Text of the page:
When I bought my Blackberry, I thought about the 30-year business I used to run with 1800 employees, all without a cell phone that plays music, takes videos, pictures and communicates with Facebook and Twitter.
I signed up, under duress, for Twitter and Facebook, so my seven kids, their spouses, 13 grand kids and 2 great grand kids could communicate with me in the modern way. I figured I could handle something as simple as Twitter with only 140 characters of space.
That was before one of my grand kids hooked me up for Tweeter, Tweetree, Twhirl, Twitterfon, Tweetie and Twittererific Tweetdeck, Twitpix and something that sends every message to my cell phone and every other program within the texting world.
My phone was beeping every three minutes with the details of everything except the bowel movements of the entire next generation. I am not ready to live like this. I now keep my cell phone in the garage in my golf bag.
The kids bought me a GPS for my last birthday because they say I get lost every now and then going over to the grocery store or library. I now keep that in a box under my tool bench with the Blue tooth [it's red] phone I am supposed to use when I drive. I wore it once and was standing in line at Barnes and Noble talking to my wife and everyone in the nearest 50 yards was glaring at me. I had to take my hearing aid out to use it and I got a little loud.
I mean the GPS looked pretty smart on my dash board, but the lady inside that gadget was the most annoying, rudest person I had run into, in a long time. Every 10 minutes, she would sarcastically say, "Re-calc-u-lating."
You would think that she could be nicer. It was like she could barely tolerate me. She would let go with a deep sigh and then tell me to make a U-turn at the next light. Then if I made a right turn instead. Well, it was not a good relationship.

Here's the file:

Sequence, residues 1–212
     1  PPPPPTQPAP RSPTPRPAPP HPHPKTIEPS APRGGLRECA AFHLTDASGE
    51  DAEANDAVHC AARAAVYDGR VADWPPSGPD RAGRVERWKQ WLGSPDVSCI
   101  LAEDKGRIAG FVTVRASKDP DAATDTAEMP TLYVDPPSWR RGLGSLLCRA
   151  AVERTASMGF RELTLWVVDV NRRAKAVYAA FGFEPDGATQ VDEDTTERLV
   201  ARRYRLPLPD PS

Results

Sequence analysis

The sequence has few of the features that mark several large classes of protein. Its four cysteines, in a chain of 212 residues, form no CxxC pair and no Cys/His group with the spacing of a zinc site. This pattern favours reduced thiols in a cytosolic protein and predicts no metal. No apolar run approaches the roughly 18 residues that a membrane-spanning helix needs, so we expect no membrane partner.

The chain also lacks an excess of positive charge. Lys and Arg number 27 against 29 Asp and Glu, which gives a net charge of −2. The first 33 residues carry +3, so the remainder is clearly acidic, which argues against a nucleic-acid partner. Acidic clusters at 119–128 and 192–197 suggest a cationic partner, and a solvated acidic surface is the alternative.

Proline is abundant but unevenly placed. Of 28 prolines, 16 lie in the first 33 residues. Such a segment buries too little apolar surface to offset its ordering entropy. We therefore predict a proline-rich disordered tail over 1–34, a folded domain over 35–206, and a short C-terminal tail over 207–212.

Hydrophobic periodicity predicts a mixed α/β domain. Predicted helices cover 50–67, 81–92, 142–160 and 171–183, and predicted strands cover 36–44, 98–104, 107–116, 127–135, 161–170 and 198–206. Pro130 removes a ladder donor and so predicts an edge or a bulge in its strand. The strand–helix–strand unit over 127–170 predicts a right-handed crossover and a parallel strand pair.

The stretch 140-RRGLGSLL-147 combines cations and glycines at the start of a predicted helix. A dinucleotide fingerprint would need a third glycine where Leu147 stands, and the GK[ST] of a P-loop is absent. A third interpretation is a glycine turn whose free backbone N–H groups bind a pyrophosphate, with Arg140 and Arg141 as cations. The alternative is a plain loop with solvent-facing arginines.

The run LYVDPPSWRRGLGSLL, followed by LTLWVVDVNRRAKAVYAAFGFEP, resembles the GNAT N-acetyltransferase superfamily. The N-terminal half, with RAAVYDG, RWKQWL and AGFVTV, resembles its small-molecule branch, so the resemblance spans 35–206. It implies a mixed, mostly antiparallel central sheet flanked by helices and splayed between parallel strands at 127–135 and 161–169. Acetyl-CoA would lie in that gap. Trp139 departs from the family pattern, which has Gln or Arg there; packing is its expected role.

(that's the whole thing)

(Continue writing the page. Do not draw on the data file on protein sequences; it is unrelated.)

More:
When I get really lost now, I call my wife and tell her the name of the cross streets and, while she is starting to develop the same tone as Gypsy, the GPS lady, at least she loves me.
To be perfectly frank, I am still trying to learn how to use the cordless phones in our house. We have had them for 4 years, but I still haven't figured out how I can lose three phones all at once and have to run around digging under chair cushions and checking bathrooms and the dirty laundry baskets when the phone rings.
The world is just getting too complex for me. They even mess me up every time I go to the grocery store. You would think they could settle on something themselves but this sudden "Paper or Plastic?" every time I check out just knocks me for a loop. I bought some of those cloth reusable bags to avoid looking confused, but I never remember to take them in with me.
Now I toss it back to them. When they ask me, "Paper or Plastic?" I just say, "Doesn't matter to me. I am bi-sacksual." Then it's their turn to stare at me with a blank look.
I was recently asked if I tweet. I answered, “No, but I do toot a lot."
Senior citizens don't need any more gadgets. The TV remote and the garage door remote are about all we can handle.
Peter Jasie - Author of the FunkyMunky newsletter.